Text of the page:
We tend to link the word ‘habit’ with negative things, but we can all have good habits too, the trick is to find the right kind of activity for you at the right level and combine this with a healthy eating lifestyle – not a diet – and you will be well on your way to a healthier, happier you, for ever.
We sometimes assume exercise has to be organised, scheduled and certainly not fun. But by making small changes in the way you move every day you can incorporate more exercise into your lifestyle. How about the following:
- Taking the stairs at work instead of the lift
- Parking at the furthest end of the car park at the shops or work (or both)
- Getting off the train one stop earlier (if you commute to London for instance where stops aren’t that far apart!)
- Walking the dog (yours or a friend’s!) more and for further
- Doing more gardening
- Washing the car by hand
- Playing a fun sport
- Walking with the children or grandchildren
Some of these will take more time than others, but there are clearly a few that could be done easily each day and that won’t take up loads more – certainly less than driving to a gym and doing a workout for instance.
Even more structured exercise can actually be fun and sociable – it does not have to involve pain and discomfort, or be a miserable experience. How about some of these activities, none of which involves necessarily joining a gym:
- Nordic Walking (social, fun, a great way to enjoy the amazing countryside we actually live in and this actually makes walking easier and yet burns 30% more calories!)
- Pilates Classes (great for toning up your body)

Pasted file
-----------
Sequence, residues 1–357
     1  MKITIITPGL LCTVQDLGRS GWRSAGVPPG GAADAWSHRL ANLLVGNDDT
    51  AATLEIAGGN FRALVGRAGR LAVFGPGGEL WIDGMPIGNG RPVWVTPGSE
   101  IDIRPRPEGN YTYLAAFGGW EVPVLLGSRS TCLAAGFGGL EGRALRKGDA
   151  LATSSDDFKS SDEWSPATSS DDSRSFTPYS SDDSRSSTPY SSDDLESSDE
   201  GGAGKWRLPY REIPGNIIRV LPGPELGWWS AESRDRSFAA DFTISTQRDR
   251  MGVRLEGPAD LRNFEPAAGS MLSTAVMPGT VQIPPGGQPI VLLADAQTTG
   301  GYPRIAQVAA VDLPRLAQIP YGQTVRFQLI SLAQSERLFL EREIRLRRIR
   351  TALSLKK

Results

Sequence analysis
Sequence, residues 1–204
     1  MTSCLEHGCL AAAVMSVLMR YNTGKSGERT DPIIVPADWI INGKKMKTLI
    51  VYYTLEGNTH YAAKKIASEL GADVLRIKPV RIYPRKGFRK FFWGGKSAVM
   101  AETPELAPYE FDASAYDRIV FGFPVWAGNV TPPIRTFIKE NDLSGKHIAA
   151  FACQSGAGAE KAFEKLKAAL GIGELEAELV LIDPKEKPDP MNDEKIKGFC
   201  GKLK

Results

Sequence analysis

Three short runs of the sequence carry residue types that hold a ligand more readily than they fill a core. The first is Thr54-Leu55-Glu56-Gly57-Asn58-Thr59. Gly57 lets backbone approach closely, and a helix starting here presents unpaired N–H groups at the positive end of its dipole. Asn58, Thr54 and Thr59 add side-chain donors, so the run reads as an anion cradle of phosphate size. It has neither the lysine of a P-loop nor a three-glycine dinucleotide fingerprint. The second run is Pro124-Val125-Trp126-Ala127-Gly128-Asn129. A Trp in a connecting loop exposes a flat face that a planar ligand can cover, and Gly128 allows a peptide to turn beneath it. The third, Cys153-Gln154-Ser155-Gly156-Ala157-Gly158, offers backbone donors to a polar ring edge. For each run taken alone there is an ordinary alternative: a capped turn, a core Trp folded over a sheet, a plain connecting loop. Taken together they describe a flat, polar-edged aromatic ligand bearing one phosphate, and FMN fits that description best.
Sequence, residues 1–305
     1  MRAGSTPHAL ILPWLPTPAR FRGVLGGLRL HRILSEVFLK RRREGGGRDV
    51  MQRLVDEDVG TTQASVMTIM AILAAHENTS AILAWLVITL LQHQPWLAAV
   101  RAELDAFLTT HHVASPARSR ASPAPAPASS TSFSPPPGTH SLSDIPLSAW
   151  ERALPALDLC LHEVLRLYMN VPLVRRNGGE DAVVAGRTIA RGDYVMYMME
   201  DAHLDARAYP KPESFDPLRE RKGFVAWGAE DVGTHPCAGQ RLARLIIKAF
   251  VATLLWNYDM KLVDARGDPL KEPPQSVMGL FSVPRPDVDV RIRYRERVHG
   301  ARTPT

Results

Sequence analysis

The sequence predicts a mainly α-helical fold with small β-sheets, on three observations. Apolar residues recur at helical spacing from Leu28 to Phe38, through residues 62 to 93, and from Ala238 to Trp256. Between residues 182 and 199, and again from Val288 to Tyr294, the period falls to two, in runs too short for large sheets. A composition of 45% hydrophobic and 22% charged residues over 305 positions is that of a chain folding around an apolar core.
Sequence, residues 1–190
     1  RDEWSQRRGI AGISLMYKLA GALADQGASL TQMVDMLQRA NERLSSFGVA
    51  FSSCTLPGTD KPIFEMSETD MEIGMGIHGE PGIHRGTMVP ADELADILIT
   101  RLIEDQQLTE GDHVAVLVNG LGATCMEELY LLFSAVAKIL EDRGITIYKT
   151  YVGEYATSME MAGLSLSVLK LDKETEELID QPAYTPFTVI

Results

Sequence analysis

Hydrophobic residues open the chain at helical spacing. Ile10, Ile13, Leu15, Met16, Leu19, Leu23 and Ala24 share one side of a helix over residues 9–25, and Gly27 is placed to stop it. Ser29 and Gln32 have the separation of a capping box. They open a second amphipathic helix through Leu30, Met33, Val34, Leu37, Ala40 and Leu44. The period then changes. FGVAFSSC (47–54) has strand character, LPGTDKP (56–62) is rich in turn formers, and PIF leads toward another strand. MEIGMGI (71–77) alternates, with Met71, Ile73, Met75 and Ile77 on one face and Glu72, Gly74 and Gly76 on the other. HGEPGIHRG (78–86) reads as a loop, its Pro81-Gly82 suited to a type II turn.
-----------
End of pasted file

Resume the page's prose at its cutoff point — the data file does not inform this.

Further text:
- Dance Classes (great fun and certainly does not feel like exercising)
- Jogging with a group (so much easier than on your own, the group help motivate you and gives you an accountability to turn up, no matter what the weather)
All of the above can be done locally, are fun and enjoyable and can easily be incorporated into any lifestyle and all without shelling out each month on a costly direct debit.
As a fitness professional, one of the most common questions I get asked is “how often should I exercise” along with “what type of exercise should I do”. There are some excellent guidelines laid down by the American College of Sports Medicine which suggest the following:
For General Health:
The minimum guidelines for general health are as follows:
5 Times a week
Moderate (50-69% of your maximum heart rate*)
30 minutes (note this is cumulative so could be two separate blocks of walking for 15 minutes)
Any activity which is of a similar intensity to brisk walking. Examples: brisk walking, housework, gardening